POTSDAM — Trustees in the village heard from the lawyer of Fredric “Hank” Robar Sr. and concerned residents about the infamous toilets gardens Mr. Robar has set up on his properties around the village.
The hearing was held at the request of Mr. Robar who had been issued notices to comply to the village’s junk storage law, passed in December of 2018.
The village has a long history of battling unsuccessfully with Mr. Robar over his toilets.
Mr. Robar popped onto the village’s radar in 2004 when he asked to get a zone change at his property on 82-84 Market St. so he could sell it to a buyer who would put in a Dunkin’ Donuts. When the village denied his request, he set up what is referred to now as a toilet garden. Since then, he and the village have butted heads twice inconclusively and unsuccessfully in the village court system.
In 2008, the village issued Mr. Robar an appearance ticket for a code violation. Mr. Robar argued that the toilet gardens are art and it’s his First Amendment right to have them. The case was dismissed because Code Enforcement Officer John F. Hill failed to bring documents to the court.
In 2010 the village tried again, but after the presiding judge resigned amid cocaine-use allegations, the case was dropped and the village decided not to pursue it.
Code enforcement officer Liza A. Newby led off the meeting Monday with the timeline of the seven notices to comply that have been served to Mr. Robar for his properties at 10 Pine St., 79 Maple St., 81-83 Maple St., 85 Maple St., 87 Maple St., 82 Market St. and 84 Market St.
The junk storage law, that has been enforceable since Dec. 6, 2018, says that the accumulation of junk, no matter the amount, that can be seen by people from public spaces is a violation.
Ms. Newby said photographs taken of Mr. Robar’s properties showed a clear and undeniable violation of junk storage law because toilets have been specifically listed as prohibited items.
The law, Ms. Newby said, prohibits the “desposit, accumulation, display or outdoor storage of junk — junk appliances, junk furniture, junk mobile homes, junk motor vehicles, garbage.”
She added that junk appliances includes, stoves, washing machines, dryers, dishwashers, freezers, refrigerators, bathroom fixtures, air conditioners, heaters, water heaters and televisions.
She also said the law was written to include conditions that existed before its implementation.
Mr. Robar was served on June 8. On June 10, Mr. Robar requested the hearing, which is part of the ordinance.
“The following day, June 11, 2020, I observed Mr. Robar at two of his properties, fixing toilets and changing flowers that he has displayed in them,” Ms. Newby said.
Since then Ms. Newby has recorded an accumulation of more toilet on Mr. Robar’s property at 10 Pine St.
“At this time it is my recommendation that the Board of Trustees advise Mr. Robar his only option is to remove each and every toilet and bathroom fixture from these properties immediately,” she said.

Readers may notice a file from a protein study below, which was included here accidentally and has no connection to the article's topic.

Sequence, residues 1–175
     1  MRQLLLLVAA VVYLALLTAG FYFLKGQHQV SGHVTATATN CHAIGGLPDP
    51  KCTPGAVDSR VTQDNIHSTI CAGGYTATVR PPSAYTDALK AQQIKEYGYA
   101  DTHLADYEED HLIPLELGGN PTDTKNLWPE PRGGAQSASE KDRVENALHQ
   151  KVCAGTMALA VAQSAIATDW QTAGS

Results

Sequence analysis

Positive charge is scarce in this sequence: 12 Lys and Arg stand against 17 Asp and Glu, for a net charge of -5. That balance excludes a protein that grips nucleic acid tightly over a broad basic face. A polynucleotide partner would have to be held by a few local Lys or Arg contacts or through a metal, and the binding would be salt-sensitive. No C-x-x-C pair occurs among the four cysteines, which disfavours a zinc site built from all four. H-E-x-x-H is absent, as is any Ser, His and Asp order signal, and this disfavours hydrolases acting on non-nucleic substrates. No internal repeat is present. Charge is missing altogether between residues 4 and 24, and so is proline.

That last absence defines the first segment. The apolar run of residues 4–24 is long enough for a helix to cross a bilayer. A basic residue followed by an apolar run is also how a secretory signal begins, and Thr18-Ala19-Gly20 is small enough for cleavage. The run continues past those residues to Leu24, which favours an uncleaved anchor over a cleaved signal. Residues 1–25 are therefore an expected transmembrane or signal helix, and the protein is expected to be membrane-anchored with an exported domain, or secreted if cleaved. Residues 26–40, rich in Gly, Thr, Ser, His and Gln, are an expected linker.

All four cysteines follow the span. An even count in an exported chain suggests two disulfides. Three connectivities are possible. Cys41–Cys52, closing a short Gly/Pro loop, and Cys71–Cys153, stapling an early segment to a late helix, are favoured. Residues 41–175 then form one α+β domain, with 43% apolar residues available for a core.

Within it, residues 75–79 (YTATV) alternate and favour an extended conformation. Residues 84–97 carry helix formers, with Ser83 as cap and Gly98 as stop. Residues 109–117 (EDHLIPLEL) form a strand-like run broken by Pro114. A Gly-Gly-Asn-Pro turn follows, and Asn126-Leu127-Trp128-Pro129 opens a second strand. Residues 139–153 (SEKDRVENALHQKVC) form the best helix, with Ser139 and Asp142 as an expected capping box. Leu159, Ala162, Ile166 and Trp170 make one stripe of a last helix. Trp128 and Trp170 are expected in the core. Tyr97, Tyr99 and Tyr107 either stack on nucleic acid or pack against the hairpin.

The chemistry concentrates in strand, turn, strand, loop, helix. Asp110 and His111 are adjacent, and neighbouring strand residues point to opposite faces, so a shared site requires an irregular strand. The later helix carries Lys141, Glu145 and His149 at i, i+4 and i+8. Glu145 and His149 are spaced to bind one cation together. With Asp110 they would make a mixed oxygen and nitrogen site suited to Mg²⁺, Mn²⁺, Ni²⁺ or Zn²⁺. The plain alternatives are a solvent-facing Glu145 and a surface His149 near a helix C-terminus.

Mr. Robar was represented by Mark Snider of the Snider and Smith Law firm of Massena.
“In this state and in this country we have some rules called grandfathering rules,” Mr. Snider said. “Those are more than just statutory, those are Constitutional. So, Mr. Robar is here tonight, not only because there’s an alleged violation of a statute going into effect but to protect his constitutional rights, and his statutory rights.”
Mr. Snider claimed that the law was created to punish Mr. Robar, after the fact.
“The statute itself may be fatally flawed as being vague,” Mr. Snider said. “We do our best when we draft these rules and statutes but they have to tell us in advance the conduct that is going to be forbidden — that we’re on notice of what is appropriate conduct and bad conduct before we are being punished. “
Mr. Snider said that law was illegally written to target Mr. Robar.
“Someone made up their mind that Mr. Robar was going to be punished for what he has done,” Mr. Snider said. “So we may be in the process of violating Mr. Robar’s right to protest, his freedom to speak freely, his freedom of expression, his idea of what is artistic whether it be your view or mine or anyone else’s.”
St. Lawrence Health System Chief Executive Officer David B. Acker said he spoke to the Board of Trustees as both a private resident of Postdam and as a representative of the hospital system.
The toilet gardens, he said, make it difficult to recruit young doctors who would want to stay and invest in the community.
The appearance of the village can be beneficial for everybody, he said.
“In my view, this is not simply about toilets; this is about a broader issue of: ‘Do we care enough about this place to enforce our codes so that we can uniformly allow those natural gifts we have of natural beauty and architectural beauty.’”
Also speaking out against the installations were a representative of Clarkson University and Sharon Williams, president of Temple Beth El, which is on Market Street across from one of the gardens.
Mayor Reinhold J. Tischler said the trustees would likely hold a special meeting in the middle of next week to issue a decision on the matter.